Biggest mistakes in the Modern World History

Scientific studies show that it is human nature to make mistakes. Everybody in this world makes mistakes whether it’s a little child or an old man or even middle age woman. However, sometimes these mistakes are so lethal and crucial, people wonder about their existence. Today, we are going to explore some of the World’s biggest mistakes. These mistakes either cost human lives due to human error or a ton amount of wealth.

New French trains

The French government-owned railway company SNCF ordered 1,860 new trains. However, these trains were too wide for many of the country’s platforms. Of the 8,700 stations in the nation, 1,300 were too small for the new trains to use. The government has already widened 300 of these platforms. This is before anyone could make the error public.

Walkie-talkie building London

People consider the “Walkie-Talkie skyscraper” in London as the worst building in the UK. During its construction, people named the 160-meter tower “Walkie Scorchie”. Its concave glass facade focused a sunbeam onto nearby cars. This would result in melting some of the bodywork of such cars.

Biggest Mistakes in the world: Walkie-talkie building London
Walkie-talkie building London

Lake Peigneur disaster

In 1980, an oil rig that was drilling for oil close to New Iberia, Louisiana, vanished into Lake Peigneur. A salt mine electrician 1,500 feet below saw rushing water. Thankfully, all 55 employees were able to surface safely. A massive sinkhole that swallowed 3.5 billion gallons of water appeared in Lake Peigneur. The Delcambre Canal’s course was momentarily changed due to the whirlpool’s powerful sucking force.

Baltic Ace Accident

The collision led to a ship’s sinking in the North Sea and the deaths of at least four crew members. It was likely caused by human error. According to the operations manager at SS Management, the ship was transporting more than 1,400 brand-new cars. The majority of these cars were Mitsubishis from Thailand and Japan.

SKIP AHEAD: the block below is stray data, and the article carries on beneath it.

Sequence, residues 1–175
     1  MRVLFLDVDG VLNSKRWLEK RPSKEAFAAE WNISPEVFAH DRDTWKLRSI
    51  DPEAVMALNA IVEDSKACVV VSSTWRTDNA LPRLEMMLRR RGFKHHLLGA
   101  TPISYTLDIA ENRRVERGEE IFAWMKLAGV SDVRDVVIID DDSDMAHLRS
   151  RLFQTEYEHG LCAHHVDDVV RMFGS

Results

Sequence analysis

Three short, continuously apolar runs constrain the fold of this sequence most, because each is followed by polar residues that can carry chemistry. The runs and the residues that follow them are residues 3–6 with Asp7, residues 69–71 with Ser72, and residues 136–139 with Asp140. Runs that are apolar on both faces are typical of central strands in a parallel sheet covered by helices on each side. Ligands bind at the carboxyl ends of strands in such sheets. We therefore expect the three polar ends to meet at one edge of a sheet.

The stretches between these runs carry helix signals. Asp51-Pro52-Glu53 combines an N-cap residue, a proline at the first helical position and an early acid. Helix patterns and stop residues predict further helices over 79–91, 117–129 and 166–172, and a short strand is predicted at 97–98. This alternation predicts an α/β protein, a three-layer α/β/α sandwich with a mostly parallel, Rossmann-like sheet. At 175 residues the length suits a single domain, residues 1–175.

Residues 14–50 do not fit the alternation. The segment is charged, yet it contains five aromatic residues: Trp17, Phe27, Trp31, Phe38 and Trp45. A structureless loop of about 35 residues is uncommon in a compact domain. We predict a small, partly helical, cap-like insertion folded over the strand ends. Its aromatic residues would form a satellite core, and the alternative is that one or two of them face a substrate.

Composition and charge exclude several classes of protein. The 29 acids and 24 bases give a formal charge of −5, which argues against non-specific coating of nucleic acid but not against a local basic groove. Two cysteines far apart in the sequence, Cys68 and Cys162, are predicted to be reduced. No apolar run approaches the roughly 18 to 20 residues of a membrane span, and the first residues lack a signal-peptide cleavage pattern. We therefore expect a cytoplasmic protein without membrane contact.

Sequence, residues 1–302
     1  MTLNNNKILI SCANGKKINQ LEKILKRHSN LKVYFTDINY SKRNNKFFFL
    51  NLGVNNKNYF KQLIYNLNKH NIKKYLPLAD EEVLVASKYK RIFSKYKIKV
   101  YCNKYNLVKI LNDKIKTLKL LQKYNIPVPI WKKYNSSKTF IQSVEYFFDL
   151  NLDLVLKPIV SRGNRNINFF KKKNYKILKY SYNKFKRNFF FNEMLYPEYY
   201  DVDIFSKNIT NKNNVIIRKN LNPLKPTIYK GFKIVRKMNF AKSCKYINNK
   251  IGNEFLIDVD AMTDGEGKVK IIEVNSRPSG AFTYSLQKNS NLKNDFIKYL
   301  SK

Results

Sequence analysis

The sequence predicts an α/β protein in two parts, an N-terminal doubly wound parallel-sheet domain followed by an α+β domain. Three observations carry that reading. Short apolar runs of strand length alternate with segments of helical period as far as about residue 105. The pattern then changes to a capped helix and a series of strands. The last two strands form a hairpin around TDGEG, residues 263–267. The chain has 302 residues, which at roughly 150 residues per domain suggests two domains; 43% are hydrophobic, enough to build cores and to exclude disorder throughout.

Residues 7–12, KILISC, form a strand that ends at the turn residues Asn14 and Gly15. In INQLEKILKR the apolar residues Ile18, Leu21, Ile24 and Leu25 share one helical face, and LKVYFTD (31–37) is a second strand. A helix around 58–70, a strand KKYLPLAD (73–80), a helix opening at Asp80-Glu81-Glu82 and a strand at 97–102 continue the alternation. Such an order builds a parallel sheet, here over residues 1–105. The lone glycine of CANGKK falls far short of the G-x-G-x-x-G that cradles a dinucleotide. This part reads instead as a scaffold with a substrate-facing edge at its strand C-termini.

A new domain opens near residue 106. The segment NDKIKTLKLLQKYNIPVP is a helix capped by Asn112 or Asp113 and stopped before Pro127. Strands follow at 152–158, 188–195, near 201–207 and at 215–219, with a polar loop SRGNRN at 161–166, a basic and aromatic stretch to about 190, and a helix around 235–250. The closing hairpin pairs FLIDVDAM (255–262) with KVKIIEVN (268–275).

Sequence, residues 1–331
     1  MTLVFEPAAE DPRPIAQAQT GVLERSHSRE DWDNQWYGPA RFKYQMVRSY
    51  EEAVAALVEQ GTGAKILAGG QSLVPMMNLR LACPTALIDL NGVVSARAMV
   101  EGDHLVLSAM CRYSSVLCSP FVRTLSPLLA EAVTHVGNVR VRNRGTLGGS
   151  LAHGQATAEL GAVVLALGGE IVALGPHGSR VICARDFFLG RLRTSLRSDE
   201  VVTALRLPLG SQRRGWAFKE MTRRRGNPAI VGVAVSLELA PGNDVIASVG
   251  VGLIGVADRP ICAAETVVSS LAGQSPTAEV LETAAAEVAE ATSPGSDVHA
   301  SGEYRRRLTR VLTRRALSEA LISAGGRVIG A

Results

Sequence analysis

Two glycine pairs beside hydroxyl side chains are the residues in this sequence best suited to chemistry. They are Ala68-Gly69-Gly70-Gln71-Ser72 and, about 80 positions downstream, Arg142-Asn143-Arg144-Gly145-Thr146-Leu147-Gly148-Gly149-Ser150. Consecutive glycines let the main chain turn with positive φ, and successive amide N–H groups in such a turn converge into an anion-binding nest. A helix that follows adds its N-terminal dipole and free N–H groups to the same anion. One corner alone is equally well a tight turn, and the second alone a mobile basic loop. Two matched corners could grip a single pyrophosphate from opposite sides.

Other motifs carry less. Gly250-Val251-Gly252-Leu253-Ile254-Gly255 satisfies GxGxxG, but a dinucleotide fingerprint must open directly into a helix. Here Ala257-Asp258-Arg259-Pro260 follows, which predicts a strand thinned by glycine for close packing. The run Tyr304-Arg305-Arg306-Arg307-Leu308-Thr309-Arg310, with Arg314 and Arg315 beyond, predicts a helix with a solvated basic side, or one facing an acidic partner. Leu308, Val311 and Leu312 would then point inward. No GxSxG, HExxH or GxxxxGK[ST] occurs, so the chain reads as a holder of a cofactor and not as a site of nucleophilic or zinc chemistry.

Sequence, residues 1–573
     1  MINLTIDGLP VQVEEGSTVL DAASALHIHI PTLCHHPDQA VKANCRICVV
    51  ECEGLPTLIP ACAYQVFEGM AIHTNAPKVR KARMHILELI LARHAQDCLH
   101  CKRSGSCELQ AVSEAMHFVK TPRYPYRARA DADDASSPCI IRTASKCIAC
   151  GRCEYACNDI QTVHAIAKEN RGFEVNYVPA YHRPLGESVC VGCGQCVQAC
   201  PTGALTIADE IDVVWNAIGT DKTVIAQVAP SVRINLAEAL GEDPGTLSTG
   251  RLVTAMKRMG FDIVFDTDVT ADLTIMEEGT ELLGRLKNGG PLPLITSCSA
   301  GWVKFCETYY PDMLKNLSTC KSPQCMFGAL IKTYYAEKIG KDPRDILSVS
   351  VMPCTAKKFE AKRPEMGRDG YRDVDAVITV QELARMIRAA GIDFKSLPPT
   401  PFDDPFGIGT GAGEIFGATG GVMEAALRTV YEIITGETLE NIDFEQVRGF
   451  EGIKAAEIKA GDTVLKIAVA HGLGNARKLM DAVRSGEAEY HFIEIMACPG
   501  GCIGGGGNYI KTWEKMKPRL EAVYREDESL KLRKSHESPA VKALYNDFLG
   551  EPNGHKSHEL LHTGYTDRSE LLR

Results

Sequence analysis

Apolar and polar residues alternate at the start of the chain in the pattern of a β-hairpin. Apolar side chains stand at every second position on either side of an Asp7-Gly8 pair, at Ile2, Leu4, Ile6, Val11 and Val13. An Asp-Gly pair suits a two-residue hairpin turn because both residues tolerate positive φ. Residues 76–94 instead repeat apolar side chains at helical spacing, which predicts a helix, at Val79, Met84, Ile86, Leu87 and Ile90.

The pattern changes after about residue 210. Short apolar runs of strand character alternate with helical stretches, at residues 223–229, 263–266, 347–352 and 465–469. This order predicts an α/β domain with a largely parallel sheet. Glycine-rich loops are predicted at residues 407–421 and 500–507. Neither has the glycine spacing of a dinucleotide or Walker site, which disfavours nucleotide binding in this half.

Spanish Submarine design fault

State-owned defense firm initially designed a 71m, 2,200-ton displacement vessel. However,  engineers discovered that lengthening the boat would increase buoyancy. In order to fix the S-80 boat’s floating issues, the engineers undertook a costly redesign and extension. Experts estimate that the error may have cost €14 million.  

Sale of Alaska by Russia

The Soviet Union sold Alaska to the United States on March 30, 1867. Russia still laments the loss of Alaska, which it views as a “treasure”. This is due to its abundant oil reserves, gold, and diamond mines. America only paid $72 million to purchase Alaska. 

Alaska alone provides 20% of the country’s gasoline. Gold is also extracted here in enormous quantities. Millions of tourists reach here every year.

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